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Modding the Barton XP to a Barton MP
By CPU-zilla
Category : CPU
Published by Jimmy Tang on Monday, 12th May, 2003

What We Know Thus Far

More than a year ago, we reported a hack which you can apply to current Athlon XP processors to enable them to operate as Athlon MP processors. The hack was fairly simple and it involved connecting a certain trace on the Athlon XP processor to allow motherboards to recognize them as an Athlon MP. The trace has been cut in the factory so it's just a matter of connecting them via soldering (if you're brave enough), or just putting conductive paint on them.

The response we received from fellow users were phenomenal and from what we know, many have tried the hack. Although most were successful, some were not that lucky. Here are a few reasons which we can offer at this point in time :-

  • You'll need to ensure both processors are properly modded so that the motherboard can successfully detect and operate the processors in SMP mode. Clean the contacts with acetone or isopropyl alcohol before applying the conductive paint.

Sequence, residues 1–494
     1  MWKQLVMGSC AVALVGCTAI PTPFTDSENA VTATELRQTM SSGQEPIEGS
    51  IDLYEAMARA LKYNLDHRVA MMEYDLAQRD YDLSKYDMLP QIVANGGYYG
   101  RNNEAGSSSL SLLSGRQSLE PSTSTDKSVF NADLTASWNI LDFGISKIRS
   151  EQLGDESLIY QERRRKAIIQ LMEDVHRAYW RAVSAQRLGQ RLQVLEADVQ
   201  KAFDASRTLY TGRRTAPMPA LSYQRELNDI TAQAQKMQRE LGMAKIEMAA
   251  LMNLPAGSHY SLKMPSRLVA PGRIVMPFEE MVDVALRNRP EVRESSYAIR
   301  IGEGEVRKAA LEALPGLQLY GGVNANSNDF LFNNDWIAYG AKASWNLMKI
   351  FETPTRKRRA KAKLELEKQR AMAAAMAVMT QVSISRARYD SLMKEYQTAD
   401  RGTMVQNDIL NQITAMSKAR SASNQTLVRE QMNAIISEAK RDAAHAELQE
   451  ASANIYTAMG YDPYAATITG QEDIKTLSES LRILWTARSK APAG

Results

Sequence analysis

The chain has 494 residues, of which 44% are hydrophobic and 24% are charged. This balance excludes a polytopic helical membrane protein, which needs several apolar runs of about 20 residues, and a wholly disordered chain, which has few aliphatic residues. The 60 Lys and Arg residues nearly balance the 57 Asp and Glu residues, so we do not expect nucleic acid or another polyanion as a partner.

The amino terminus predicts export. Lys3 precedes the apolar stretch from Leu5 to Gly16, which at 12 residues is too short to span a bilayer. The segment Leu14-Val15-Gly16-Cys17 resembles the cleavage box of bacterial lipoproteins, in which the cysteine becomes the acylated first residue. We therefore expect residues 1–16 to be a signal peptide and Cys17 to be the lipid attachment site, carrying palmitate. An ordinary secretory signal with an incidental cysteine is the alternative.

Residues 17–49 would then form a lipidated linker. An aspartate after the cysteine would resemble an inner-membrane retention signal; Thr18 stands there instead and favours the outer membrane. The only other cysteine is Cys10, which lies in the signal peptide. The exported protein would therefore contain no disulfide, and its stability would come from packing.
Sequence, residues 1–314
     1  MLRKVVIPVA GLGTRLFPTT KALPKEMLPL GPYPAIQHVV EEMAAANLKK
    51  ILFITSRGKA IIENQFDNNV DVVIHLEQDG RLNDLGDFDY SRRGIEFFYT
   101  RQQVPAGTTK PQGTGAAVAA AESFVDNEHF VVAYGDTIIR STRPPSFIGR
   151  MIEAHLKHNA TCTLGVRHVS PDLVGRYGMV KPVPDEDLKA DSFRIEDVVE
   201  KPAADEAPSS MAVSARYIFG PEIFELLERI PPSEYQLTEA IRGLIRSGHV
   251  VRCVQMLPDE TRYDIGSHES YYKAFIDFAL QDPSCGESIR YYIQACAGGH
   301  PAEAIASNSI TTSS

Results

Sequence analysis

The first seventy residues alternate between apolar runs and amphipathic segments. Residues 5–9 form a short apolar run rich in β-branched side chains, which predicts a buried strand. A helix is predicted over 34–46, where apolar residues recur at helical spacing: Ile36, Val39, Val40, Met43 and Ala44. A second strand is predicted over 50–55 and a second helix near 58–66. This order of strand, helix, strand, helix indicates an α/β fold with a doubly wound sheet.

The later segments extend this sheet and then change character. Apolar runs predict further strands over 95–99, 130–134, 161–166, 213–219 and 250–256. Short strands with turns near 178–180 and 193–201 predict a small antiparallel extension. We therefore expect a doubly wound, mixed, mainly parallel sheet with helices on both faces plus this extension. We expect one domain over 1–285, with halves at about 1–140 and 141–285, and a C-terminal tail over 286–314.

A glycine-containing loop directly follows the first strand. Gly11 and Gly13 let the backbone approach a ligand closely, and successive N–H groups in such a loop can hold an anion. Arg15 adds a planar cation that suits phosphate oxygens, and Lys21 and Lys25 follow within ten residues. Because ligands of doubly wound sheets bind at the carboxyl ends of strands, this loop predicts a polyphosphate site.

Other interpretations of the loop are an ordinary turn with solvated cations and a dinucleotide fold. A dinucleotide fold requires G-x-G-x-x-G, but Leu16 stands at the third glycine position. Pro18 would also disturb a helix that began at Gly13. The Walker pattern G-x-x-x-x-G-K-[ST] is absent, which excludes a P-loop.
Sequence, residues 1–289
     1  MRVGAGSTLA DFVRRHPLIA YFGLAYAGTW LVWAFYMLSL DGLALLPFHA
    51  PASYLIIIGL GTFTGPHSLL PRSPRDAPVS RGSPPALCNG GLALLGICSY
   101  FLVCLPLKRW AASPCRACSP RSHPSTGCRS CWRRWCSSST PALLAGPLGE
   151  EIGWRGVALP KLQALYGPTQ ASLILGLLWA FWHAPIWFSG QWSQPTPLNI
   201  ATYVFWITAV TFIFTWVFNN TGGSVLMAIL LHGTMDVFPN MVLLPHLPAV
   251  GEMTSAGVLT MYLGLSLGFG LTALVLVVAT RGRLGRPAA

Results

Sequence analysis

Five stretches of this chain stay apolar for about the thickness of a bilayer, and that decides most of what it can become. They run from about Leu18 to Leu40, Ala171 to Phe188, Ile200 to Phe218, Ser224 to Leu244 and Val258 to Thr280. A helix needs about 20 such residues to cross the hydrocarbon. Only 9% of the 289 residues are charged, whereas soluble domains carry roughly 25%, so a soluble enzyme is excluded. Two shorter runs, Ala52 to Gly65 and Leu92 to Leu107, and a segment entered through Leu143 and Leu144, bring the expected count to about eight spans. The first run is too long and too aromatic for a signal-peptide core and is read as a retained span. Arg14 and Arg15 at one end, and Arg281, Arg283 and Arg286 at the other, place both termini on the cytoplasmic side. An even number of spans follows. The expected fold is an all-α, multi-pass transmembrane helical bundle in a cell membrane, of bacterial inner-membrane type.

• Certain motherboards would only work with the hack since certain users reported that they were unable to get their SMP setup running even though the processors have been properly modded.

  • Only certain BIOS versions would allow the board to run in SMP mode. For example, we tested the hack on MSI's K7D Master which had no problems working with BIOS version 1.3 and 1.4B3. Newer BIOS versions somehow did not allow us to run the processors in dual mode even though the processors have already been physically modified.

    After our first article, a lot of emails came pouring in and most users were asking if the hack could be achieved with a Thoroughbred core since our initial article was based on the Palomino core. Well, of course it would and we'll be showing some results with a dual Thoroughbred-B core in the later pages. What we've done here is taking another step further with the Barton core. What's interesting with the Barton is that it's now featuring a huge 512KB L2 cache running at full speed. Get a pair of that running in SMP mode, and you'll get a pretty decent workstation-class system going at a really affordable price.

    Now, I'm sure most of you are interested to get your hands on a dual processor system based on two Athlon XP 2800+ (Barton). Find out how you can do that in the next few pages.
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